Further specification, then, means locating others within our behavior space. First, consider that regardless of whom we are acting toward, our behavioral potentialities remain the same as those comprising our general behavior space. This may seem strange at first, but consider what acting "toward" another means. In one sense, it implies physical direction, such as looking toward, swimming toward, or throwing a ball toward another. But, we can also behave "toward" another by running away from him. Clearly, I mean by the social behavior of i "toward" j something more than the physical meaning, and that j is, in some sense, the target, purpose, goal, object, end, or intent of i's action. This does not necessarily mean direct action in a physical sense, but that i has j in mind, as does the girl who flirts with another to make her lover jealous, the teacher who tries to impress a colleague with his responses to a student's questions, or the foreign policy that warns one enemy nation by stern action toward another. Thus, our full range of potential behavior, whether climbing a mountain, swimming, or self mutilation, can consist of vehicles carrying meaning for another.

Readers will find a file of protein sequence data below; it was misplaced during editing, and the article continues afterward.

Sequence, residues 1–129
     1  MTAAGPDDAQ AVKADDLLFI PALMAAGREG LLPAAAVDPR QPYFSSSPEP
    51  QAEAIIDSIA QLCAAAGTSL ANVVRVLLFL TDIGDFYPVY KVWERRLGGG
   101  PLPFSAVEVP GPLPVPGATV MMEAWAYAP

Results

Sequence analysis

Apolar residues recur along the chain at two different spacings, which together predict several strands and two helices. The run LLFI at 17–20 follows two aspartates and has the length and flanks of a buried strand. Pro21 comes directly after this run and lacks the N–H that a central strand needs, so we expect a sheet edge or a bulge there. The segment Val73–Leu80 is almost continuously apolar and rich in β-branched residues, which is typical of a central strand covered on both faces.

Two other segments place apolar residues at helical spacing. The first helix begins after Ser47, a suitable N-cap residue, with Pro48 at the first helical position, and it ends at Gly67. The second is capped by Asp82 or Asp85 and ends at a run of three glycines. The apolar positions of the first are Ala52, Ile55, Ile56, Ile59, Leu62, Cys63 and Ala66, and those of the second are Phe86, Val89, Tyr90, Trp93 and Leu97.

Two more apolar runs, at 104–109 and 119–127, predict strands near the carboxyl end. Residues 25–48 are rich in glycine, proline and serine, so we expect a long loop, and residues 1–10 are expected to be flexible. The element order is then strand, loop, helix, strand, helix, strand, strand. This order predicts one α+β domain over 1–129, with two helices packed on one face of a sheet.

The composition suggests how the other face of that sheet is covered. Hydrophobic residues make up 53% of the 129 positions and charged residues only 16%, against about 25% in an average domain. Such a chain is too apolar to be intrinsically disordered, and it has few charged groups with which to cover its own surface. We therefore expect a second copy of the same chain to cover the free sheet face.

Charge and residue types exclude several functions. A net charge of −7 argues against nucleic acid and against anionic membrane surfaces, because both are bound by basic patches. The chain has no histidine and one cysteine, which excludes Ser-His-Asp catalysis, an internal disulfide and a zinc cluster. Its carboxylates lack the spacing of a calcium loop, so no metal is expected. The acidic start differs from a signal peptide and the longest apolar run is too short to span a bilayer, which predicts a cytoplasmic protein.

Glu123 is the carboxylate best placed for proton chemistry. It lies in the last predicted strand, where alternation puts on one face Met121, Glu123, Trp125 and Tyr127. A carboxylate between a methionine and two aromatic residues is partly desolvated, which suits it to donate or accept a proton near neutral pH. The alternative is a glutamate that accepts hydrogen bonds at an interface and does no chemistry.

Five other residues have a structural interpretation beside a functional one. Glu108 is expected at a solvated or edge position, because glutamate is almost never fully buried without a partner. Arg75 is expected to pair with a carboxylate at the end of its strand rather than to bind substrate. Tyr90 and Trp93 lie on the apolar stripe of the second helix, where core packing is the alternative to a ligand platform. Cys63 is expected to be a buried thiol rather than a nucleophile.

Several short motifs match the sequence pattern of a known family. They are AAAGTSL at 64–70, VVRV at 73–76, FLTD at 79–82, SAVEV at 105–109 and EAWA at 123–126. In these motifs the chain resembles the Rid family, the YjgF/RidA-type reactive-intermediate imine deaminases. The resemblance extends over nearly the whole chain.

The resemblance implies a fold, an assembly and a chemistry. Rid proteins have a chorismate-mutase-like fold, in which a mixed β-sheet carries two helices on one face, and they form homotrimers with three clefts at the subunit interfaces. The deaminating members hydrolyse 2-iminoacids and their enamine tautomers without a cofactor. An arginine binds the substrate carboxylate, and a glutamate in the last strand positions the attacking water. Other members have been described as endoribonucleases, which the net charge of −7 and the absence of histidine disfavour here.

Second, the other person must have a location within the space of our behavioral potentialities, as implied by our disposition to act toward him in a specific way. This position is shown in Figure 18.1a. The notation, i-j, indicates that the vector defines i's behavioral dispositions toward j, that is, the actual position of the directed dyad i-j among all of i's behavioral potentialities.